The mechanism for this is that when your eyes or ears are exposed to a particular frequency of pulses or beats, the thalamus first distributes this information to the entire brain, including the visual and cerebral cortex where neural activity begins to synchronize to the incoming frequency, producing hemispheric synchronization and a balance of brainwave activity across the brain.
It may be that you had the volume too loud, but I would expect you to hear the effects of that straight after you’ve stopped listening, not on a day you haven’t used them. It might be something similar to muscle memory, where you suddenly remembered the sound and sensations it gives you as if you were hearing it again. I don’t know how long you’ve been using this type of thing for, but maybe it’s something that will settle down and disappear once you become more accustomed to the sound.
There are many advantages and disadvantages with binaural beats. One of the major advantages is hemispheric synchronization. Since both hemispheres are required to create the beat within the brain, this method is an excellent way to create greater harmony between areas of the mind typically functioning independently. Binaural beats are also known to have effective hypnotic and relaxing effects.
In 1839 Heinrich Wilhelm Dove discovered binaural beats, which led to the further discovery of the frequency following response and the beginnings of the science of brainwave entrainment. This science uses the power of specialized sound to FORCE your brain to stop producing defective brainwave patterns - OVERRIDING them to create positive neural feedback instead. Endorphins are created to alleviate pain, serotonin increases to combat anxiety - happy brain chemicals of all kinds are made in response. And the best news? As you continue with it, your brain re-learns to produce these healthy, beneficial and healing brainwaves on its own!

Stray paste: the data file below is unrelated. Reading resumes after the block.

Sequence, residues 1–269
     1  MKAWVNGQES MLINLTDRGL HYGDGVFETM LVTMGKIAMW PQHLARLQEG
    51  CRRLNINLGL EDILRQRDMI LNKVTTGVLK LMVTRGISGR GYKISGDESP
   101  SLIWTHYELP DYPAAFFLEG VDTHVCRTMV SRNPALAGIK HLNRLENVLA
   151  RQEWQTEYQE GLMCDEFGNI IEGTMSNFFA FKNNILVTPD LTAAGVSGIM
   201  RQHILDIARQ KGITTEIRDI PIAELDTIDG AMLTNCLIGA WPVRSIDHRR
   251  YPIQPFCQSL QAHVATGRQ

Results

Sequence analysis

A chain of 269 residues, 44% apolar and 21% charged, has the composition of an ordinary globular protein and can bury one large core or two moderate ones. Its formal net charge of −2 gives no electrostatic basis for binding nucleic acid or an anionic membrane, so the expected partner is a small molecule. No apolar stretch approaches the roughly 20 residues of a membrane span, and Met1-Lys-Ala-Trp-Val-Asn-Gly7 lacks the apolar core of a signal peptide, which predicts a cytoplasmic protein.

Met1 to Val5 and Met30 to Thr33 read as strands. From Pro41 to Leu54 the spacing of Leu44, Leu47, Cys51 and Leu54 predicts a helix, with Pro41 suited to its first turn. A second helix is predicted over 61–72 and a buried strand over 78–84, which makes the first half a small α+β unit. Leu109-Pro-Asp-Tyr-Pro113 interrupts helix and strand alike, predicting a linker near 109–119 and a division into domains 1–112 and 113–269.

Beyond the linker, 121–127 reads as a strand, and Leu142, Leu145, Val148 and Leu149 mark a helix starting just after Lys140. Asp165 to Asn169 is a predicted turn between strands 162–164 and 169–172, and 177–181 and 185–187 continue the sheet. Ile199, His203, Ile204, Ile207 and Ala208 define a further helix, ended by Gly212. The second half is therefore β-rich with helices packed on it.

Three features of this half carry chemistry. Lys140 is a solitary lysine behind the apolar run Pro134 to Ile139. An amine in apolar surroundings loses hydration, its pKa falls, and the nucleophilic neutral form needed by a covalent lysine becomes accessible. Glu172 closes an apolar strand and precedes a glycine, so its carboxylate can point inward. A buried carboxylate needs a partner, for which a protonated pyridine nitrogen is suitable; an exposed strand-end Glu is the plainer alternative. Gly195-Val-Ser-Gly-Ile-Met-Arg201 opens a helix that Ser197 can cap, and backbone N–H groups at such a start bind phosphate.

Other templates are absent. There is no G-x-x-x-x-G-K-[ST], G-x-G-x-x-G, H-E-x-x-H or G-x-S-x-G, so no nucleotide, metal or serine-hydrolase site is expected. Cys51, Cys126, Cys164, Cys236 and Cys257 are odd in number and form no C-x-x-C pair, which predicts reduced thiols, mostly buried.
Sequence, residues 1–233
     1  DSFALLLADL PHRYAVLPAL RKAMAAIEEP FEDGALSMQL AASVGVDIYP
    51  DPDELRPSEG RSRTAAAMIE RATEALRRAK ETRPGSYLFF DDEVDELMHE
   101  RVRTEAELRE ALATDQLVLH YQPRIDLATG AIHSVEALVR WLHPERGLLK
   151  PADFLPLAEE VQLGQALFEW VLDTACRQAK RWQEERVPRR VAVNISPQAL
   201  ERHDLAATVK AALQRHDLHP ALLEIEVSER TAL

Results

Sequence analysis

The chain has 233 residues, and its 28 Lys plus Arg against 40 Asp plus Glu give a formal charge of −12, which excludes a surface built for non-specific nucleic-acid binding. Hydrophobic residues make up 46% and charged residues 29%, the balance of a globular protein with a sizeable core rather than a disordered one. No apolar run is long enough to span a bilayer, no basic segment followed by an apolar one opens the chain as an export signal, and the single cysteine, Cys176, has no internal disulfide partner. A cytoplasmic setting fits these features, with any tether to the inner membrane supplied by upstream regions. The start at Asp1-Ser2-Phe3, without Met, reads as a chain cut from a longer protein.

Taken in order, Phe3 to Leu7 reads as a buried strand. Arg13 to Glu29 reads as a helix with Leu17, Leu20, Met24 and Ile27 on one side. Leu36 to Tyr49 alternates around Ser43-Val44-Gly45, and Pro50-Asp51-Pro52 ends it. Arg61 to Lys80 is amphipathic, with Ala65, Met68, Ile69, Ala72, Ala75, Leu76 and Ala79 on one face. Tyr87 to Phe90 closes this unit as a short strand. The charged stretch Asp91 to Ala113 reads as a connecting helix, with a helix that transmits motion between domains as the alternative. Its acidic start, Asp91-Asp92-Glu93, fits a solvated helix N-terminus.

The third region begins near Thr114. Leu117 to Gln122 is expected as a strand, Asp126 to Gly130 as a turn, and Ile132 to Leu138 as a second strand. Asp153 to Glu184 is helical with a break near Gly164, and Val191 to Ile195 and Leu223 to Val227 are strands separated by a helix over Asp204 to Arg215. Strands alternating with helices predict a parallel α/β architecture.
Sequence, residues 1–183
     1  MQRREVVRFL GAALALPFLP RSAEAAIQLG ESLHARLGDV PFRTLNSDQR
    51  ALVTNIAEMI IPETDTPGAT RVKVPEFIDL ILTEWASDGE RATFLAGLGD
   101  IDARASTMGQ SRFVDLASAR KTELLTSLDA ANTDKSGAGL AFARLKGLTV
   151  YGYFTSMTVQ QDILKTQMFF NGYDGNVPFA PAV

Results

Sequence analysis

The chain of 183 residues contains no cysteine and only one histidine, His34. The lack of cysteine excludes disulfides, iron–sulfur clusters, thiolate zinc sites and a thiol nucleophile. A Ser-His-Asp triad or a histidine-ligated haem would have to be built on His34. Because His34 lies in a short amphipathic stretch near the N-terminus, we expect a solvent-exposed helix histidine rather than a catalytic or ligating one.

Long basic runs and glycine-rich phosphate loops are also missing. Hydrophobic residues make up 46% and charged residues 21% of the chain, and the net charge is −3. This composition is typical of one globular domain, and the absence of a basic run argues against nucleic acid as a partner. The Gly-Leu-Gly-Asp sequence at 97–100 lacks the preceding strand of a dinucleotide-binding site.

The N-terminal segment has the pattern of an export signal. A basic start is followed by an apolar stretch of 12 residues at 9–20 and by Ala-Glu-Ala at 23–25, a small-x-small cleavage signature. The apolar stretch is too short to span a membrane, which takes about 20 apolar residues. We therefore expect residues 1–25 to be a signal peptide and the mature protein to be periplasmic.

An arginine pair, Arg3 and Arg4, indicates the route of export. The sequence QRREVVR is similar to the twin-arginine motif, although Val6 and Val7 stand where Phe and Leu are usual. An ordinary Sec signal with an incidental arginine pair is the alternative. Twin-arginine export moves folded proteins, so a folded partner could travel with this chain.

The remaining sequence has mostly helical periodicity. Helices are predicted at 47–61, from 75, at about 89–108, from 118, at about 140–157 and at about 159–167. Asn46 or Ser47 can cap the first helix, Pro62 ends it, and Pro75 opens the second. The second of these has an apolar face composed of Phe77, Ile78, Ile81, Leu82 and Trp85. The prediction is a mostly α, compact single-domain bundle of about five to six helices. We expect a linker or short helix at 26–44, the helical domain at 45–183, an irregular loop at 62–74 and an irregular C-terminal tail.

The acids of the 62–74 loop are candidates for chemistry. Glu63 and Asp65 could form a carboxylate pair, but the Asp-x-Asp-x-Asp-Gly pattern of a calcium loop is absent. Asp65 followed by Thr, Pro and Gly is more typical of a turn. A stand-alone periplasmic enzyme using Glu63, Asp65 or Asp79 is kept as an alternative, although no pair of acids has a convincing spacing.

While a practical understanding of brainwaves has been around for as long as people have been singing, chanting, and drumming, a scientific view of the electrical activity inside the human brain was not published until 1924 when German psychiatrist Hans Berger developed a machine for sensing and recording activity in the brain by attaching small electrical sensors to the scalp of his patients and recording the resulting electrical activity. Berger’s inventions and discoveries were built upon the earlier work of Richard Caton who published animal studies on brainwave oscillations in 1875.
Beta is the most common brain wave pattern: Beta brainwaves are produced when we are wide awake, alert, active and engaged in mental activity, usually involving more the rational, reality-oriented left hemisphere of our brain. When beta wave activity becomes very intense, our brain hemispheres become less synchronised. Beta state is required to function properly in your everyday life.